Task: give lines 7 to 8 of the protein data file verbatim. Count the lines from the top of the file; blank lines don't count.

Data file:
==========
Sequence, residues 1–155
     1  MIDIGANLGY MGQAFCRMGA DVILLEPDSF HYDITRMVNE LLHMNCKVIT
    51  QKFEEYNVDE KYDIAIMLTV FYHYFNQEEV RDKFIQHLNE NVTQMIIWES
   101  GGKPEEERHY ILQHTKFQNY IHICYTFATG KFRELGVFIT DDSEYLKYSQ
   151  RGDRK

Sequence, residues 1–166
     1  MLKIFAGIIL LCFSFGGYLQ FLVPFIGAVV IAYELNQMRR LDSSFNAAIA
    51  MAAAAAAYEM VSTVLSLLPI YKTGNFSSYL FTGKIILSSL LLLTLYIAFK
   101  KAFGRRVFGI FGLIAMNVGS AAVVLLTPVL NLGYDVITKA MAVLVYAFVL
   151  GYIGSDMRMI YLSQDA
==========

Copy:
     1  MLKIFAGIIL LCFSFGGYLQ FLVPFIGAVV IAYELNQMRR LDSSFNAAIA
    51  MAAAAAAYEM VSTVLSLLPI YKTGNFSSYL FTGKIILSSL LLLTLYIAFK